Maybe it's the slow-and-go traffic on the 5 Freeway or that passage through the Orange Curtain, but somewhere between Los Angeles and Anaheim, the Dodgers have been turning into mush.
In their last 10 games since 2005 in Angel Stadium, the Dodgers have come away losers nine times, including a 4-2 interleague defeat at the hands of the Angels on Friday night.
Joe Saunders allowed two runs and five hits in 7 1/3 innings to improve to 7-1, beating a Dodgers team that went 10-3 in its first 13 games against left-handed starters this season.
Setup man Scot Shields retired the two batters he faced in the eighth, and closer Francisco Rodriguez, pitching for the fourth consecutive night, struck out two of three in the ninth for his major league-leading 17th save.
The Dodgers committed two errors, one that led to an unearned run in the fourth inning, and a mistake that cost them a baserunner in the fourth. A bad throw helped the Angels score their final run in the seventh.
"They cracked the door open a little bit," Angels Manager Mike Scioscia said, "and that helped us."
In the Dodgers' last 10 games in Anaheim, they have committed 15 errors.
No. 14 came in the fourth inning Friday night, when catcher Gary Bennett, after blocking a ball in the dirt on Erick Aybar's two-out strikeout, sailed a throw at least five feet over the head of first baseman James Loney's head, allowing Casey Kotchman, who had doubled, to score for a 1-0 lead.
No. 15 came in the sixth inning, when catcher-turned-third-baseman Russell Martin's off-balance throw on Robb Quinlan's grounder got by Loney.
That miscue didn't cost the Dodgers a run, but another bad throw by Martin, who one-hopped Bennett in an attempt to cut down Maicer Izturis at the plate in the seventh, probably did.
And then there was Andruw Jones. As if the Dodgers outfielder wasn't struggling enough -- he's hitting .176 with two homers and seven runs batted in -- his season took another bizarre twist in the fourth, when he led off with a grounder to Aybar.
The Angels shortstop overthrew Kotchman at first for an error. When Jones was about 10 feet past the bag, he turned his shoulder toward second before heading back to the first.
Kotchman retrieved the ball quickly and tagged Jones, who was initially ruled safe, umpire Sam Holbrook calling the play dead. But Scioscia came out to argue that because Jones gave an impression he was going to second, the play was still live.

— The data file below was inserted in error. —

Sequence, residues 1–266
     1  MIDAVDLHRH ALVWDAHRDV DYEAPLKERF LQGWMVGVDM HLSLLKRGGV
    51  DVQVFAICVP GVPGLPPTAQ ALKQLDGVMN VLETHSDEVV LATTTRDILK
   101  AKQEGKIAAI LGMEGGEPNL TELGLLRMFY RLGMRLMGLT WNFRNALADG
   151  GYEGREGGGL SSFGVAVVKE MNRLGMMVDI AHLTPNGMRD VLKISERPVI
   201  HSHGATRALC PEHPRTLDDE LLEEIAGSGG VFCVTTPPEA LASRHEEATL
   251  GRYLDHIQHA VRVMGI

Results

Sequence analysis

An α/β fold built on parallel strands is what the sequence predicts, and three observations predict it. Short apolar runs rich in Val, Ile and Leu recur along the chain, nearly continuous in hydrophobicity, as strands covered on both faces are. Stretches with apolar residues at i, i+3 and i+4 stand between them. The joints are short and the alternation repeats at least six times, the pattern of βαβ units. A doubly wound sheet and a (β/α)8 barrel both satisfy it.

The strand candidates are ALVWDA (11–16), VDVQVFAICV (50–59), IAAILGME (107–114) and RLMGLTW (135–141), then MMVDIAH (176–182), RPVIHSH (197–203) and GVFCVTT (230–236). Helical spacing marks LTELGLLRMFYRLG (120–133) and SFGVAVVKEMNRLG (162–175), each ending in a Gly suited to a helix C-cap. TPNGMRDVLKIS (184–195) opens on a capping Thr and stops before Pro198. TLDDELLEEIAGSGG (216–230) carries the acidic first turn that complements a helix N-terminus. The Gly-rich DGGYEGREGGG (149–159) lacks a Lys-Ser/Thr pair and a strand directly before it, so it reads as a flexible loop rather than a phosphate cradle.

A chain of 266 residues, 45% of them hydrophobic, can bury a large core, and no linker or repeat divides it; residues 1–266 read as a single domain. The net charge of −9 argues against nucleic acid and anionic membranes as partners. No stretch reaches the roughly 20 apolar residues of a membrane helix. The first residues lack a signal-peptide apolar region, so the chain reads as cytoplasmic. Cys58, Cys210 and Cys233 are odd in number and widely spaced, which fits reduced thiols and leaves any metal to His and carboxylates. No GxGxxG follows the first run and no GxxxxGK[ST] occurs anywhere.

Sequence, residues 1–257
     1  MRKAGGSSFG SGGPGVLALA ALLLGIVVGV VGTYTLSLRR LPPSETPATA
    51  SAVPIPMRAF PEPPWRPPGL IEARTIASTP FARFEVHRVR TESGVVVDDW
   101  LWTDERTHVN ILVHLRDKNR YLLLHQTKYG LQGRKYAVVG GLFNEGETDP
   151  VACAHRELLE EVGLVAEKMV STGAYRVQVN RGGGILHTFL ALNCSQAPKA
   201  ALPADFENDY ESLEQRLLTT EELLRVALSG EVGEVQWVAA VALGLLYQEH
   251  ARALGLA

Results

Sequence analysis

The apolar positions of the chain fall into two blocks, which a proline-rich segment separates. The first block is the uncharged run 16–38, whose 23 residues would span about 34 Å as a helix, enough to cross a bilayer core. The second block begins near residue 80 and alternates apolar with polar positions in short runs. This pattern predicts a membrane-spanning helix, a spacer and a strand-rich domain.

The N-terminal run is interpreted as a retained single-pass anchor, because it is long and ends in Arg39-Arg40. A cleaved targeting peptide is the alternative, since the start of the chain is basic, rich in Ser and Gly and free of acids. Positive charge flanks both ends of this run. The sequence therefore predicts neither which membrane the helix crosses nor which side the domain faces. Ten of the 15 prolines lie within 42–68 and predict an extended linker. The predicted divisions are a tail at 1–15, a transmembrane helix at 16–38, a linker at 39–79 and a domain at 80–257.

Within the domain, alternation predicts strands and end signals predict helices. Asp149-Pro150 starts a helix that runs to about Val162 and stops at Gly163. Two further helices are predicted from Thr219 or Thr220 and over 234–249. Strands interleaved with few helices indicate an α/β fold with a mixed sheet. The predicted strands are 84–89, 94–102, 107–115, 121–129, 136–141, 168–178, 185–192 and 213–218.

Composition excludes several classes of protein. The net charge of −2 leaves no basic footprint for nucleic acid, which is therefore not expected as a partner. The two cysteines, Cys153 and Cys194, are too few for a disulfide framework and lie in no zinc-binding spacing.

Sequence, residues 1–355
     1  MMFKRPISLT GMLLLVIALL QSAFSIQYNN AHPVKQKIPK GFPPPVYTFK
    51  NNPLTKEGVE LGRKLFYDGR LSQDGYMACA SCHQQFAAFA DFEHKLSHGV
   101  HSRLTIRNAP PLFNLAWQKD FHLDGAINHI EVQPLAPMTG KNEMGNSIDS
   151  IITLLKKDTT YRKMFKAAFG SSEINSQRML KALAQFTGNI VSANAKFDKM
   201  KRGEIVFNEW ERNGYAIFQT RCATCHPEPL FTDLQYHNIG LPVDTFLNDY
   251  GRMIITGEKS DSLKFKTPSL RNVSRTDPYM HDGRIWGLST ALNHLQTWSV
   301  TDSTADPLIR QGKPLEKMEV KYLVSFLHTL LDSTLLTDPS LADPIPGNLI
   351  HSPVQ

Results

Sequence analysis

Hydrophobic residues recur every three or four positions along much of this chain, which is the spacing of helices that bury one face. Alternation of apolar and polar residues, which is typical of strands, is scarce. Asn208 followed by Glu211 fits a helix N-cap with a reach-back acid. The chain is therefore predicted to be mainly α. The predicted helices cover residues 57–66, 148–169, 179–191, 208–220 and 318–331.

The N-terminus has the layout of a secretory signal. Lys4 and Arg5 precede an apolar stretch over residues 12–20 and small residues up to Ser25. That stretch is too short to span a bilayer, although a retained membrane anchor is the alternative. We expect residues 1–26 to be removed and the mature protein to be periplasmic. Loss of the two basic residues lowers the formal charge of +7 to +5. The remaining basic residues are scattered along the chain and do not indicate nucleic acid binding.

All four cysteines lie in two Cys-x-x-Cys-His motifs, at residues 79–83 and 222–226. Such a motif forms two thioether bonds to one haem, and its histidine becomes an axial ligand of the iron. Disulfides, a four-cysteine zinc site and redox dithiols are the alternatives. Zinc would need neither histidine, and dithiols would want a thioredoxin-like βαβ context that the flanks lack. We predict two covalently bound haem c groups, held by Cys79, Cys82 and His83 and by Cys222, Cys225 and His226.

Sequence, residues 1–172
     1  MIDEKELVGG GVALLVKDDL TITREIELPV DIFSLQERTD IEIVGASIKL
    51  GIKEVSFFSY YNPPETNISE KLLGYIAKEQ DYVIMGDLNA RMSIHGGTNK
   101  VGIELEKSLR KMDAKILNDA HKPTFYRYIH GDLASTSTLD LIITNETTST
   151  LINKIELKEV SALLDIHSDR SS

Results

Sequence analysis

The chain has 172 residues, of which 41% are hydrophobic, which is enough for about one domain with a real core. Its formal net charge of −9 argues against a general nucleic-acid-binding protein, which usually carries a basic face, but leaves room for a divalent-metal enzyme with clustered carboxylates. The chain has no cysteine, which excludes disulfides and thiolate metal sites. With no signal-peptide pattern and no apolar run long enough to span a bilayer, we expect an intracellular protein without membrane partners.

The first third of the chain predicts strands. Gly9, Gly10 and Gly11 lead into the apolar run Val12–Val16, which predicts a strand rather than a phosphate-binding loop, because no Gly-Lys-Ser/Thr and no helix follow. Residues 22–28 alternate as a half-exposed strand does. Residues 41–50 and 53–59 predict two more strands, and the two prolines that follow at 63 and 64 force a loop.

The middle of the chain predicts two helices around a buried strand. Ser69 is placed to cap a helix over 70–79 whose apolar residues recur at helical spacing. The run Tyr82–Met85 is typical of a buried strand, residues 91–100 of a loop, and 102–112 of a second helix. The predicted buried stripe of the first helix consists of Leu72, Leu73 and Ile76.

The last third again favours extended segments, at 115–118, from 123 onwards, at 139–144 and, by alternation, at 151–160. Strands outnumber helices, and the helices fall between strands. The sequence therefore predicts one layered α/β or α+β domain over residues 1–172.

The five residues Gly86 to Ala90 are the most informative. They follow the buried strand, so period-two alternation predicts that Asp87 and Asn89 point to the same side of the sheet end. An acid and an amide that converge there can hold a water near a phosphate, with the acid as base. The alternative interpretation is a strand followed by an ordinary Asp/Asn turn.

Holbrook conferred with crew chief Gerry Davis, the call was overturned, and Jones was ruled out.
"In these types of games, you look at these things, and they're magnified, no question about it," Dodgers Manager Joe Torre said. "I mean, Andruw overreacted to an overthrow at first, and all of a sudden you realize it didn't go in the dugout or very far away. Errors in judgment and in the field are the things that seem to stand out."
The lone Dodgers highlight came in the seventh, when Loney singled and Andre Either lined a two-run home run to right to pull the Dodgers within 3-2.
But Izturis led off the bottom of the seventh for the Angels with a walk and advanced to second and third on wild pitches by Dodgers starter Hiroki Kuroda.
Guerrero chopped a grounder over Martin's head that umpire Bruce Dreckman ruled foul. Scioscia stormed out of the dugout for one of his most heated -- and elongated -- arguments in years, waving his hands and wagging fingers at the umpire.
The exchange lasted about two minutes, and somehow did not result in an ejection.
"I thought it was a fair ball," Scioscia said. "He's a conscientious ump, but I thought he missed that call."
Replays showed the ball was fair. Guerrero then chopped another grounder to Martin, who threw low to home, allowing Izturis to score for a 4-2 lead.
The Angels made it 3-0 in the fifth when Izturis, starting in the leadoff spot for the first time this season, reached on an infield single and took third on Gary Matthews Jr.'s single to right.
Guerrero hit a sacrifice fly to right that advanced Matthews to third, and Garret Anderson followed with a run-scoring single to right.